The AHF is pleased to have been able to contribute to the cost of conservation surveys and external urgent fabric repairs of the Ukrainian Chapel, thanks to funds provided by the William Grant Foundation under our Tailored Support Fund.
Just outside of Lockerbie, in the unlikely situation of a bus compound, sits the tiny Ukrainian POW Chapel. It is a truly remarkable survival dating from the Second World War – a prefabricated hut built of corrugated metal and asbestos sheeting – intended as a very temporary structure. The chapel is the last recognisable remaining structure on a former POW camp dating from the early 1940s, which originally comprised 40 huts. The Ukrainian POWs arrived after the war and fitted out the chapel in a makeshift way – candlesticks made from recycled shell fragments, banners from tents, and a wooden carving of a Ukrainian Cathedral, carved with a penknife. As a result, the Category B-listed building has a simple exterior, with a contrasting highly decorative interior.
Until the pandemic, the chapel was still in use for occasional worship and welcomed visitors – those who knew where to come. The fact that the building survived far beyond the anticipated lifespan of its materials was largely testament to the regular care and maintenance carried out by a dedicated caretaker and volunteers. However, the Scottish wet and windy weather was taking its toll, and during the pandemic lockdowns, the roof began to show signs of serious failure. Even in this fragile condition, the chapel was brought rapidly into service in response to the 2022 invasion of Ukraine, where it was used as a store for aid prior to distribution to those in dire need.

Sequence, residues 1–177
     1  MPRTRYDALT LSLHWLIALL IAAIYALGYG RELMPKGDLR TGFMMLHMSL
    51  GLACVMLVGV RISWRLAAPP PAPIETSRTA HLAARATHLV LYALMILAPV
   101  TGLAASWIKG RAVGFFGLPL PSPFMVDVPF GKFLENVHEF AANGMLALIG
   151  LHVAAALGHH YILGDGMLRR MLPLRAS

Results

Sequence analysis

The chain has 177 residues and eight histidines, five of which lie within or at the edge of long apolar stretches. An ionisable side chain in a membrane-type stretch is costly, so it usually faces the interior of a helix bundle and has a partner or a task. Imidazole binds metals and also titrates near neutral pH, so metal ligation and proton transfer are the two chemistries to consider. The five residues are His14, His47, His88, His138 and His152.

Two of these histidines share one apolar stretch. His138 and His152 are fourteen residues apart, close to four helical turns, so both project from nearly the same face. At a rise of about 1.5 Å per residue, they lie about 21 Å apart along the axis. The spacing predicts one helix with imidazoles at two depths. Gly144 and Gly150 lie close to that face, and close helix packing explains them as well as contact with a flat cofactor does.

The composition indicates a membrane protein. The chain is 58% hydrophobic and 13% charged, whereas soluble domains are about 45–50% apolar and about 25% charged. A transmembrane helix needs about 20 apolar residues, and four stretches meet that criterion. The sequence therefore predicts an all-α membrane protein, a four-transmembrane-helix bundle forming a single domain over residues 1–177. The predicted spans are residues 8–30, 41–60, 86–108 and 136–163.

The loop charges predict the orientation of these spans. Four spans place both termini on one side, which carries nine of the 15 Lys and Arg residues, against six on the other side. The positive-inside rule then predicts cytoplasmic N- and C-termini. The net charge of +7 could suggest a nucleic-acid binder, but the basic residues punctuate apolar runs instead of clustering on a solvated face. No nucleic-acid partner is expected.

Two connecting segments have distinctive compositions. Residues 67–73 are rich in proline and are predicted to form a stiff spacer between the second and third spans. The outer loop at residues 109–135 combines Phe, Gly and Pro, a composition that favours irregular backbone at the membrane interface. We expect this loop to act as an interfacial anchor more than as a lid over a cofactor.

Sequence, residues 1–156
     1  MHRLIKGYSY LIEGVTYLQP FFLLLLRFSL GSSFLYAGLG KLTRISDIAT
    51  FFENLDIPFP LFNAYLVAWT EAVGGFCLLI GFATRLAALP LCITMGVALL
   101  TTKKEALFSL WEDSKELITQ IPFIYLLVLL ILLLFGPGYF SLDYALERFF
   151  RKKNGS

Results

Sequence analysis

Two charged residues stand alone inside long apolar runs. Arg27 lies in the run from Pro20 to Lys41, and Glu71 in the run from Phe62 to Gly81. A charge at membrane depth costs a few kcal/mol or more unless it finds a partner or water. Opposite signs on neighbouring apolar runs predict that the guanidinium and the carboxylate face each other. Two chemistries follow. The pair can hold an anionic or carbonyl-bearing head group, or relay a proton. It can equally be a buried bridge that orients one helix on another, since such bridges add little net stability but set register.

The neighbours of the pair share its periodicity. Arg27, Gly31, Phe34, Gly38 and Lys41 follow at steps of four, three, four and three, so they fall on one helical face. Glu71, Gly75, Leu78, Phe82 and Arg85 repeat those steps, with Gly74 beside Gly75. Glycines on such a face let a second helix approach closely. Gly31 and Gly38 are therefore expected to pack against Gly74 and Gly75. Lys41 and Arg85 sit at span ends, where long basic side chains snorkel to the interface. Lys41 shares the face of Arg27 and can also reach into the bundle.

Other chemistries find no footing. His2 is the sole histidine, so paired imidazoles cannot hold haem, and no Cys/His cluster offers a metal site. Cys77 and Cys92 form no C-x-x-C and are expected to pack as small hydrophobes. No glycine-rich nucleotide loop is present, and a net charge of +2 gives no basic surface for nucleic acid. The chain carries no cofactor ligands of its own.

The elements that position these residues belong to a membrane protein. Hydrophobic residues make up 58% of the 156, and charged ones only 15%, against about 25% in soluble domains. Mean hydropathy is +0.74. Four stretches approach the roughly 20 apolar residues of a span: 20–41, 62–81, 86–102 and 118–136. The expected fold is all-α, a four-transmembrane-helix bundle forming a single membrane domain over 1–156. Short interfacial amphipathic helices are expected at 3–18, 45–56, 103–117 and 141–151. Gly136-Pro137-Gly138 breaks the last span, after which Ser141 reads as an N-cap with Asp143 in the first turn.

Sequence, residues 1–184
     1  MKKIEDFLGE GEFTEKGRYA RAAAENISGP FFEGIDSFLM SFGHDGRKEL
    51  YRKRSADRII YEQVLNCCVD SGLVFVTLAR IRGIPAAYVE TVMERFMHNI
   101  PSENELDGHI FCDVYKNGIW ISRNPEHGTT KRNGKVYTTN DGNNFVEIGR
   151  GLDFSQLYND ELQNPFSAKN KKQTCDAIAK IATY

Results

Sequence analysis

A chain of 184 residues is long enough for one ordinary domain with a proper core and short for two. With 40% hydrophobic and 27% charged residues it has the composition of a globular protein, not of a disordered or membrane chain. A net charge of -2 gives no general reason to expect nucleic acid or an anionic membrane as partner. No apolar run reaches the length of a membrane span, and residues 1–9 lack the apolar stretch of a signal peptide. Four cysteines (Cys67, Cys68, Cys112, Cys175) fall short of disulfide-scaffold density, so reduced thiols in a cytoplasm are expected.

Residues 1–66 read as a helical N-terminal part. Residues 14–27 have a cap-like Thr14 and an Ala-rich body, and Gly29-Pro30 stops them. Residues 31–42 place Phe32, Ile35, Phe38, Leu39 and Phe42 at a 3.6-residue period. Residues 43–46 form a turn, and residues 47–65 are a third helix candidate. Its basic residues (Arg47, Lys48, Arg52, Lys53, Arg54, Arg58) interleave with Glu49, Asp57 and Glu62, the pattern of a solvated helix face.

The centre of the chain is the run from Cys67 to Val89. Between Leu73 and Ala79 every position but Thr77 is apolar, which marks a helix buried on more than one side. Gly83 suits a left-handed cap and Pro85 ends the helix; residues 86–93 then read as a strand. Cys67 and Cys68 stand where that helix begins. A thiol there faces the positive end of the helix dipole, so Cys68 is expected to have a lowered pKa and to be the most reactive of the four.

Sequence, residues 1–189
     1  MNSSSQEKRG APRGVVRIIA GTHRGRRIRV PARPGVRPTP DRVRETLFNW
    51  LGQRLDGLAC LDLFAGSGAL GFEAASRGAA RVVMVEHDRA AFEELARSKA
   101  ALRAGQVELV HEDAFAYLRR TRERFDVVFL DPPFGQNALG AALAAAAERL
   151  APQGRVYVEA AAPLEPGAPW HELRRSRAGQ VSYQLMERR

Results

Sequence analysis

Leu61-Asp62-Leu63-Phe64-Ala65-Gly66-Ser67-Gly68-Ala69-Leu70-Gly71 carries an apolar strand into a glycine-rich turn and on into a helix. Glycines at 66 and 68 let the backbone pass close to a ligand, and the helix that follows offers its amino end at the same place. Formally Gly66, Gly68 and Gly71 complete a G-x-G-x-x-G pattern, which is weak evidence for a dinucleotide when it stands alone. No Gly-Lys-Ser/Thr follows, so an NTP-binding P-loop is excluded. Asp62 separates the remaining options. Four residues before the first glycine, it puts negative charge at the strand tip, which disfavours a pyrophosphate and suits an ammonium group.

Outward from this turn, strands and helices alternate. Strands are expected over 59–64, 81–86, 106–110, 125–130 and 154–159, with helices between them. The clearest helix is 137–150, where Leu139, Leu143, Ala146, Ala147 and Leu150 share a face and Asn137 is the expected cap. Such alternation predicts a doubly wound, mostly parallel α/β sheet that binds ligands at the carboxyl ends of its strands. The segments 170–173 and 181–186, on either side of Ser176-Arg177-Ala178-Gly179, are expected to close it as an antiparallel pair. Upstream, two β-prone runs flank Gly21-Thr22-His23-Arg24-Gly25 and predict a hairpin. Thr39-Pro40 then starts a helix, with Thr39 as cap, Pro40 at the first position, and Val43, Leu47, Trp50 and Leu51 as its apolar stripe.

The Friends of the Ukrainian Chapel was created in 2009 to preserve the legacy of the chapel in memory of the generation who created it – some being direct descendants and others who had worshipped in the chapel over the years.
In the face of multiple delays and challenges due to the pandemic, emergency works to replace the failing asbestos roof have now been completed, with the South of Scotland Enterprise contributing towards the remainder of the costs. The chapel is now wind and watertight, including an entirely new roof, with its profile carefully matched to the now safely removed asbestos panels. This marks the first phase of a longer-term project to better celebrate and promote the building and its special history and stories. As a result, it will soon be able to again welcome both visitors and also the growing diaspora of recently settled Ukrainian refugees, bringing new life to the chapel once more.